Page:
Bottom Line: The effects of barium and oubain, or capsaicin, on responses to raised extracellular potassium or ACh were also determined.The effects of raised extracellular potassium levels and ACh on membrane potential, were measured using sharp microelectrodes in pressurised arteries.ACh caused a substantial hyperpolarisation in pressurized arteries, while raising extracellular potassium did not.

View Article: PubMed Central - PubMed

Affiliation: Pharmacology Research Group, School of Life Sciences, University of Nottingham, Nottingham, United Kingdom.

ABSTRACT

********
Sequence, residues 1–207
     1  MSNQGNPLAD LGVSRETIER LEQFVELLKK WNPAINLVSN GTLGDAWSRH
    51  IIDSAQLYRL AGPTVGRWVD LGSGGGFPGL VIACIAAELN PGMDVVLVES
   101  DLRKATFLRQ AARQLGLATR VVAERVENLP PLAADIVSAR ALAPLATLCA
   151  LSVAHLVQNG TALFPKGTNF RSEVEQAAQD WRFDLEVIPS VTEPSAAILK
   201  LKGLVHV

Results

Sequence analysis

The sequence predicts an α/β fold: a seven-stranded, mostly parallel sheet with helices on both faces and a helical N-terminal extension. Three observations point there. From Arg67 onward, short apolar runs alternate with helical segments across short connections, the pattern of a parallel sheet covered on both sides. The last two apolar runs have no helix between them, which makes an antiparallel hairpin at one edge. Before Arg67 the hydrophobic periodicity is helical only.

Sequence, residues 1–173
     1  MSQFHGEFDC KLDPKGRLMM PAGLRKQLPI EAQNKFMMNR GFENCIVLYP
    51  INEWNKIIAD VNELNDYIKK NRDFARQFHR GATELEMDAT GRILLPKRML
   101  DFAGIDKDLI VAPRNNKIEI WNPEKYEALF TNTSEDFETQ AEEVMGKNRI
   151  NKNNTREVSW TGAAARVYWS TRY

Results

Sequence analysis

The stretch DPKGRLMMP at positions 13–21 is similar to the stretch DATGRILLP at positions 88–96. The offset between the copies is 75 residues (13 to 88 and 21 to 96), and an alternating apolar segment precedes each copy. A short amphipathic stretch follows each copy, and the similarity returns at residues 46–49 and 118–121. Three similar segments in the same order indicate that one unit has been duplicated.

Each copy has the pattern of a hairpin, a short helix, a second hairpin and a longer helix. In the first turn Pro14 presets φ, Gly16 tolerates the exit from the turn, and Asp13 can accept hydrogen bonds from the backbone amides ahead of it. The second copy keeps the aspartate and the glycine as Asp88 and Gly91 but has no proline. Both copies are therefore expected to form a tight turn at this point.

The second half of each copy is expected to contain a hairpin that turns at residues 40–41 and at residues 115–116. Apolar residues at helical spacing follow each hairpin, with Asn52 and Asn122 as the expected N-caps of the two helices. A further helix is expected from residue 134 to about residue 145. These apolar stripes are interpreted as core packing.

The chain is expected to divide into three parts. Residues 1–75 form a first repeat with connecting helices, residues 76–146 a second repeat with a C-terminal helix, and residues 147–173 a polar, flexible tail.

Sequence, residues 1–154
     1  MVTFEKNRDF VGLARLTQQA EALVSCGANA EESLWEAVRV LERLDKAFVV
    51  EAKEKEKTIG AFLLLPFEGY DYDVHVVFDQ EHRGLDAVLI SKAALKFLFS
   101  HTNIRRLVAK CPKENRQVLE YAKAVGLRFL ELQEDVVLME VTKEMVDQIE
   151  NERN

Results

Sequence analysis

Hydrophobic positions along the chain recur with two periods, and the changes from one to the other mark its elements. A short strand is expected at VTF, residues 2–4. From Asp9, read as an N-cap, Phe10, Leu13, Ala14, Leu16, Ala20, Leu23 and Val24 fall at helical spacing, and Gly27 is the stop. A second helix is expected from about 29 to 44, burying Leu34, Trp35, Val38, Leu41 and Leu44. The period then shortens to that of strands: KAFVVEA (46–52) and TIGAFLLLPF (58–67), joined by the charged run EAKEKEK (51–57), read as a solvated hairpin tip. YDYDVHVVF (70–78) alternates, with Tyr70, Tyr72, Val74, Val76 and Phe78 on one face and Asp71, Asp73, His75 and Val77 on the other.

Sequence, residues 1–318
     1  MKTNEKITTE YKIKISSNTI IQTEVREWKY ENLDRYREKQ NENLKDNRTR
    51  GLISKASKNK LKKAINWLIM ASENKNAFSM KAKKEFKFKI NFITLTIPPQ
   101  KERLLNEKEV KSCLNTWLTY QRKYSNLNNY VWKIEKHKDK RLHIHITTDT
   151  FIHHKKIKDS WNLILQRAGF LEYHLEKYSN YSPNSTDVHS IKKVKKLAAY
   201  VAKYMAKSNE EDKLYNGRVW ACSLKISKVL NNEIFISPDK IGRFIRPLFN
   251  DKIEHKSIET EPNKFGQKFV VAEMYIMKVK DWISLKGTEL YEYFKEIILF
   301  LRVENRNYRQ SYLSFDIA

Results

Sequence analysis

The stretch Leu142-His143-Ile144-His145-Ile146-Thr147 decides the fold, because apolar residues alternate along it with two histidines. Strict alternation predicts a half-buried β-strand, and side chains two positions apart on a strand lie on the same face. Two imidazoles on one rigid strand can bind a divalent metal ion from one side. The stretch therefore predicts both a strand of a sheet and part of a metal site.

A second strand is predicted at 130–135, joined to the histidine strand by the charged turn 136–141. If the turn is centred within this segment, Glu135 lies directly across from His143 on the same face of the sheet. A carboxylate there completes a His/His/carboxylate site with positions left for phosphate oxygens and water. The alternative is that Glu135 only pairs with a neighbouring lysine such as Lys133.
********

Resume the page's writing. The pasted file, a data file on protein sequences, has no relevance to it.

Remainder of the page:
The present study examined the hypothesis that potassium ions act as an endothelium-derived hyperpolarizing factor (EDHF) released in response to ACh in small mesenteric arteries displaying myogenic tone. Small mesenteric arteries isolated from rats were set up in a pressure myograph at either 60 or 90 mmHg. After developing myogenic tone, responses to raising extracellular potassium were compared to those obtained with ACh (in the presence of nitric oxide synthase and cyclo-oxygenase inhibitors). The effects of barium and oubain, or capsaicin, on responses to raised extracellular potassium or ACh were also determined. The effects of raised extracellular potassium levels and ACh on membrane potential, were measured using sharp microelectrodes in pressurised arteries. Rat small mesenteric arteries developed myogenic tone when pressurised. On the background of vascular tone set by a physiological stimulus (i.e pressure), ACh fully dilated the small arteries in a concentration-dependent manner. This response was relatively insensitive to the combination of barium and ouabain, and insensitive to capsaicin. Raising extracellular potassium produced a more inconsistent and modest vasodilator response in pressurised small mesenteric arteries. Responses to raising extracellular potassium were sensitive to capsaicin, and the combination of barium and ouabain. ACh caused a substantial hyperpolarisation in pressurized arteries, while raising extracellular potassium did not. These data indicate that K+ is not the EDHF released in response to ACh in myogenically active rat mesenteric small arteries. Since the hyperpolarization produced by ACh was sensitive to carbenoxolone, gap junctions are the likely mediator of EDH responses under physiological conditions.